A private clinic in Toronto is
among the first places in the world to prescribe dichloroacetate
(DCA) to cancer patients, ignoring warnings from researchers
and the Canadian Cancer Society that DCA's effectiveness
and safety are not yet proven.
Medicor Cancer Centres' founders
Dr Akbar Khan and his wife Dr Humaira Khan began prescribing
the drug in mid-April.
DCA, which has been used for years
as a treatment for some rare metabolic disorders including
lactic acidosis, was recently shown to shrink human
tumours in a laboratory by inducing apoptosis in Cancer Cells by reactivating disabled mitochondria. Dr Evangelos
Michelakis and colleagues at the Universities of Calgary
and Ottawa reported the discovery on January 17 in Cancer
Cell, setting off a flurry of breathless news reports
and a groundswell of interest among patients on the
Many researchers are furious that the Toronto clinic
is offering DCA. Tak Mak, PhD, a University of Toronto
researcher who co-authored a review of Dr Michelakis's
DCA study in Science's STKE journal in April,
says DCA can cause serious neurotoxicity a problem
that can be exacerbated by chemotherapy.
Dr Khan defends his decision, saying
he's well aware of the potential side effects. "We feel
that with very close monitoring, if there were any problems
we would be able to pick up on them and stop the DCA,"
he says in an interview with NRM. "I'm pretty
confident we're not harming anyone from what
we know about DCA we are confident we're not causing
Soon after the Cancer Cell study appeared, reports
emerged that patients were buying DCA online and self-medicating.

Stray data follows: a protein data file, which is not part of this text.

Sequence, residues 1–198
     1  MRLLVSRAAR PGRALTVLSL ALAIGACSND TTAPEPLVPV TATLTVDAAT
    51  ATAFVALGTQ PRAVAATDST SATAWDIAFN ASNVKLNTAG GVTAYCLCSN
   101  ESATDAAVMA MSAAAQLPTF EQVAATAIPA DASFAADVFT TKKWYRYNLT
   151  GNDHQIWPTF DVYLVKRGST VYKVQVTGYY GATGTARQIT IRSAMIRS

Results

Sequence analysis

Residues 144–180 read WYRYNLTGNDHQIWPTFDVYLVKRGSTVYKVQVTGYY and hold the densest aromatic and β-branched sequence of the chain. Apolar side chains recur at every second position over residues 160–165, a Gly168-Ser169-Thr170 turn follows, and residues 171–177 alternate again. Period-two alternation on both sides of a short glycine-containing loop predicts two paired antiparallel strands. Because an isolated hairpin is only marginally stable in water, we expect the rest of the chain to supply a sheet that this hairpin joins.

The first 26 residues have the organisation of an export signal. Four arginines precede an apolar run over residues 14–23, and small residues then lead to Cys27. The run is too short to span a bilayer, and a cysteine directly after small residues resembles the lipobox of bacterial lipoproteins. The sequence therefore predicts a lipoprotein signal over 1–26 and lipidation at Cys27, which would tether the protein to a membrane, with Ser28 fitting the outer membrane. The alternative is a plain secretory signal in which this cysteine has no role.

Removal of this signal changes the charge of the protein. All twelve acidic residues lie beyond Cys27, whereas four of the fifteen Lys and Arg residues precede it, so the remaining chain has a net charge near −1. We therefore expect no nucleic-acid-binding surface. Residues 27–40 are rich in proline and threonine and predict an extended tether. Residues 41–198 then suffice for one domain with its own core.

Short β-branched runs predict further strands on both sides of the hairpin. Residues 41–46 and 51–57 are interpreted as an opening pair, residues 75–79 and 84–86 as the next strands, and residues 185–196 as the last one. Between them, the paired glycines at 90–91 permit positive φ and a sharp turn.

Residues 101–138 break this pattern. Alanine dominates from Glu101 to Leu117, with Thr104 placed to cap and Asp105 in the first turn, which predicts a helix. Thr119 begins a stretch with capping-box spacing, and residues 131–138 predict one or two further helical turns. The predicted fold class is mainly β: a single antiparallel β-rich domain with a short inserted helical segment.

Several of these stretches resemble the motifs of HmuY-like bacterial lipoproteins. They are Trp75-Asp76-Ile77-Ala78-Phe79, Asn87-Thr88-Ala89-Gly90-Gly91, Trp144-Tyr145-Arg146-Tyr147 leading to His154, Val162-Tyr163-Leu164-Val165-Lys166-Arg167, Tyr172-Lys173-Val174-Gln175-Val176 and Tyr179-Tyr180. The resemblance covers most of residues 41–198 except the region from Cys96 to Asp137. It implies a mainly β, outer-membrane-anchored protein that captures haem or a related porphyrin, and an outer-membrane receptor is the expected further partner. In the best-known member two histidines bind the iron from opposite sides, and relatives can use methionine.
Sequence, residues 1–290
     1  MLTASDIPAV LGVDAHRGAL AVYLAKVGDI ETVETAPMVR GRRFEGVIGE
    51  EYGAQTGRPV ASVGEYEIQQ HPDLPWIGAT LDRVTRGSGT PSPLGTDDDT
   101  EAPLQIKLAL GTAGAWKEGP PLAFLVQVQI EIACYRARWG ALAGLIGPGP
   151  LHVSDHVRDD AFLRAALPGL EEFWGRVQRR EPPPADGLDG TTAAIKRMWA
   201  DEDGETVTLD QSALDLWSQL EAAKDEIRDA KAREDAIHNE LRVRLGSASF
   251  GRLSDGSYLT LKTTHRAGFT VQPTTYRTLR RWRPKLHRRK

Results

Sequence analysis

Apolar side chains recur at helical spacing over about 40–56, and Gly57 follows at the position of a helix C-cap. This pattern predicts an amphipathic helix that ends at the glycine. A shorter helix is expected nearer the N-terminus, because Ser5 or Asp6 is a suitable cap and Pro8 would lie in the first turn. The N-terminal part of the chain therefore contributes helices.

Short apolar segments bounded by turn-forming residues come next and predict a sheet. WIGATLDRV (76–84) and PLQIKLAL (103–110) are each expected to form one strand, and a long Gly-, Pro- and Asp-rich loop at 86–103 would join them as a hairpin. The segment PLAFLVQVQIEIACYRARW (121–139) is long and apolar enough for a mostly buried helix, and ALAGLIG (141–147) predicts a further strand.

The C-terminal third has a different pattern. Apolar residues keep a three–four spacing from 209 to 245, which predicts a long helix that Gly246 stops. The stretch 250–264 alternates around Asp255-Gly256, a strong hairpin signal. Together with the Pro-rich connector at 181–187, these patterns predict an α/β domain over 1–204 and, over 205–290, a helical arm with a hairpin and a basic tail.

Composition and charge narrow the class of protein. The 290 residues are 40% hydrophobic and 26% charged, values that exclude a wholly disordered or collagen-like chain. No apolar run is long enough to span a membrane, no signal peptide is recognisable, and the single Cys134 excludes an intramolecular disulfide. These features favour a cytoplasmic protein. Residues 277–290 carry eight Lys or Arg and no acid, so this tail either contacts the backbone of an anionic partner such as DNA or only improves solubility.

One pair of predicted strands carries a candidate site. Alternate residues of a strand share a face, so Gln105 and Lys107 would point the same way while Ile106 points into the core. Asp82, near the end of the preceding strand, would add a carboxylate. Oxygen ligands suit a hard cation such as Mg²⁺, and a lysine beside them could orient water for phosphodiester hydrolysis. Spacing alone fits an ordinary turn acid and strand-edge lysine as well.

Many have been sharing their experiences at TheDCAsite.com,
a website owned by California biologist Jim Tassano,
who also sells the drug on his sister site, BuyDCA.com.
(NRM first reported on this in "Quacks
pervert U of A doc's discovery," April 15, 2007,
Vol 4, No 7.)
Besides being potentially dangerous
to patients, Dr Michelakis has warned that unregulated
use of DCA could threaten the prospects of carrying
out a clinical trial. The absence of a control group
makes any positive data reported online largely meaningless,
and reports of illness caused by non-pharmaceutical
grade DCA or the drug's sometimes severe adverse effects
could scare off potential clinical trial participants,
he told Nature in March.
"That doesn't concern me," says
Dr Khan of Dr Michelakis's disapproval. "He has to understand
that by prescribing it we are helping the scientific
community and helping patients learn what are the side
effects and the effects of it being used on cancer."
Dr Khan's clinic charges advanced-stage cancer patients
about $150 per week for the medication and bills the
public Ontario Health Insurance Plan (OHIP) for the
patient visits, unless the patient opts to pay for Medicor's
private care package. Dr Khan says he makes no profit
on DCA therapy.
Neither Dr Khan nor his wife are
oncologists. She's a public health epidemiologist who
has worked for several government agencies, and he's
a family physician who claims 13 years of cancer-care
experience, mostly in pain- and symptom-management.
It's all perfectly legal since it's off-label,
it's fine with Health Canada, and patients are fully
informed of all the risks.
The couple has now treated or are
currently treating a total of 15 patients with DCA.
Four have shown significant improvements, says Dr Khan
the rest have either died or seen no improvement.
One of those four patients, a 65-year-old
man diagnosed with pleural mesothelioma that has metastasized
to the abdomen and the lymph nodes, has seen a lymph
node tumour shrink from 6.0x4.2cm to 5.5x3.6cm after
four days of high-dose 45mg/kg per day
DCA therapy. The patient, however, has already been
put on DCA twice before and both times had to stop treatment
due to side effects. The three other patients
suffering from bone, lung and ovarian cancer respectively
have all seen improvements, Dr Khan says.
Dr Khan is now trying to determine
whether a combination of vitamin B1 and alpha-lipoic
acid will counteract DCA's neurotoxicity. In the meantime,
his clinic continues to take new cancer patients interested
"It comes down to patients' rights,"
Dr Humaira Khan told the Edmonton Journal last
month. It's better to have these patients under a physician's
supervision than to leave them to take DCA without any
monitoring, she added.